5. Late 60s, early 70s for me. I used to buy one or two LPs a week, for years... Around 1976, I found I didn't like anything new that was coming out - not punk, definitely not disco, and didn't buy any new music until sometime in the 90s. And it only got worse when the hair-bands showed up. As I've gotten older, I've found myself enjoying a much wider array of music and am less likely to be judgemental about it ("They don't want no trumpet playing band, it ain't what they call rock and roll"). Now I listen to jazz, indie, classical, blues, and some rock. Frankly, what they market as 'classic rock' (iHeart radio, the only 20 songs you'll ever hear!) does nothing but make me tune out immediately. But music is in constant evolution, and it's up to you and me to create the next wave of art.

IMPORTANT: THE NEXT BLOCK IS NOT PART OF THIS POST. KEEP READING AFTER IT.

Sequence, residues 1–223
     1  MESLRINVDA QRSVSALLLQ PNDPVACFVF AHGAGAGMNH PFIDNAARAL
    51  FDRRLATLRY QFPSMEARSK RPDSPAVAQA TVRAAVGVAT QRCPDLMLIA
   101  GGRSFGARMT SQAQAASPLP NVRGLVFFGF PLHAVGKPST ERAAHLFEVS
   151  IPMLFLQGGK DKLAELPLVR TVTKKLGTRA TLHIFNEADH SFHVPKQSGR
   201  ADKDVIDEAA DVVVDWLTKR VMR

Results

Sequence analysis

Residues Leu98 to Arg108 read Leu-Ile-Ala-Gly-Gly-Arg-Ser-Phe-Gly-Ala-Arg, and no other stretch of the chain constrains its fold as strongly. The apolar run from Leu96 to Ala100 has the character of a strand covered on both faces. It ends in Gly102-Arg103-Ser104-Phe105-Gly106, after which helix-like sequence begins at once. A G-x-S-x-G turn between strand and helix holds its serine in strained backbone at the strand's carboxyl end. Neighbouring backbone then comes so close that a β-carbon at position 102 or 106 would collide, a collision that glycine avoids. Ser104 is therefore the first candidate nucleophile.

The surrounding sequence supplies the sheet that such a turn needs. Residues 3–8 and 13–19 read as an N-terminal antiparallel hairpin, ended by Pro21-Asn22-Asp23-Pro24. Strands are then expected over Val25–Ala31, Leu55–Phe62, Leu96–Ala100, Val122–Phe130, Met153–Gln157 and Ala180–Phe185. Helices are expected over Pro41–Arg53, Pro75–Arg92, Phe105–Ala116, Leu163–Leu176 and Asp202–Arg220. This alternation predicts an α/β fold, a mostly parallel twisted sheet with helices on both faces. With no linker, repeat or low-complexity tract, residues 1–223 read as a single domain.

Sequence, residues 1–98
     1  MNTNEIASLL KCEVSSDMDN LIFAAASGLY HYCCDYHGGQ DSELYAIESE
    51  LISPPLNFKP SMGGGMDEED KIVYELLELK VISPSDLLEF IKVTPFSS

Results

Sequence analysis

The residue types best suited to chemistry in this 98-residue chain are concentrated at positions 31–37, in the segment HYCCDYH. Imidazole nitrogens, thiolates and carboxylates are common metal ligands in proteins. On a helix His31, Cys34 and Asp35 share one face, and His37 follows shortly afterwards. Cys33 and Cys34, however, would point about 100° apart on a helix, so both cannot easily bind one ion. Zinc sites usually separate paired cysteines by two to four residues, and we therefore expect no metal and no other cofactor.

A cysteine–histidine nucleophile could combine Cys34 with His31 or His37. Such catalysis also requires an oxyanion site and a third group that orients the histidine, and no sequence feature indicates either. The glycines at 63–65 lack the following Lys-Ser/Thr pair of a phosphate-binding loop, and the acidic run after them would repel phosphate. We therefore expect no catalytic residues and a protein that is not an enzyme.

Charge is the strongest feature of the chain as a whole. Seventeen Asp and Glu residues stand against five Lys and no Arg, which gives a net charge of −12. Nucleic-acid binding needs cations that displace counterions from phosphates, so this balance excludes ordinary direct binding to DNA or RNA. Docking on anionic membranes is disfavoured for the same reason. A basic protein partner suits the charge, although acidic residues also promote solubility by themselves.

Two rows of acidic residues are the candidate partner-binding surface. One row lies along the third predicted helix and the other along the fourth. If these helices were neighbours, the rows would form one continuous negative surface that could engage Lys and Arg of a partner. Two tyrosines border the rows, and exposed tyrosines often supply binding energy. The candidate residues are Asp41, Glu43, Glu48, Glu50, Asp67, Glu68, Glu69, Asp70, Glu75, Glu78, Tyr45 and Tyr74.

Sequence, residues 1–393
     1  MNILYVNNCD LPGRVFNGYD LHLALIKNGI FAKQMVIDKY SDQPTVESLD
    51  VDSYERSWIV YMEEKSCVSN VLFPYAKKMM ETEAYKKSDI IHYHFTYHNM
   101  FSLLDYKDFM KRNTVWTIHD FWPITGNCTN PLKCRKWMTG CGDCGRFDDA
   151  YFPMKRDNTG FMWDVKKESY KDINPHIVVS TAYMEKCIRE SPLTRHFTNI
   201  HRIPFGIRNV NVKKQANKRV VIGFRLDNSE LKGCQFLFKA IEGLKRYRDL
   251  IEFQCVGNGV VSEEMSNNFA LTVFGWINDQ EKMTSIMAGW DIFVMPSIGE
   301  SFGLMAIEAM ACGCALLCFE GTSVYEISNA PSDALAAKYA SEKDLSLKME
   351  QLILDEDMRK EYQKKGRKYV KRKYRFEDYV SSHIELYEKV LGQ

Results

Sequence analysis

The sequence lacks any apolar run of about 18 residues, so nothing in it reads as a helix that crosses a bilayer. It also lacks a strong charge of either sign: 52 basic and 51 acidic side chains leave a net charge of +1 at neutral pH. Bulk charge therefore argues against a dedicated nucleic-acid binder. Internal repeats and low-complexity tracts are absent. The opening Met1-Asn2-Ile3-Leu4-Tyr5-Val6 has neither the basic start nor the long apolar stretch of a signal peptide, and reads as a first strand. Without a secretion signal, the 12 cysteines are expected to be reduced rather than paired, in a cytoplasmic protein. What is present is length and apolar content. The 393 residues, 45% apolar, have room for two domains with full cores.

6. How to tell if you have subwoofer disease: If the mix sounds great to you, and you pull out your cellphone and fire up the spectrum analyser app, and it shows the sub-100 Hz bass is 20 dB louder than everything else. I'm not saying you have it, but it is a very very common disease, and seems to be spreading...
  7. The dark science of economics is at play here: supply and demand We used to track bands and await their new LP releases. A chance to actually see a band live was an extreme rarity. Now there is music (sometimes decent music!) attached to everything. Baseball games. TV shows. Every TV and radio commercial (except for those local car dealer ads that consist of the car lot owner screaming incoherent syllables at the top of their lungs for 30 seconds. But I digress...). I remember staying up late on a school night because they announced "Johnny Winters" was going to be on the Tonite Show. It turned out to be comedian Jonathan Winters.... ​​​​​​These are just personal histories of how the scarcity of music drove me to treasure it. The point of my meandering: Excessive and uncontrolled supply always lowers the value of the product, regardless of product quality. The old communist ideal of "workers controlling the means of production" has come to reality in music, more than any other industry I can think of. For better or worse. That's the world we're in....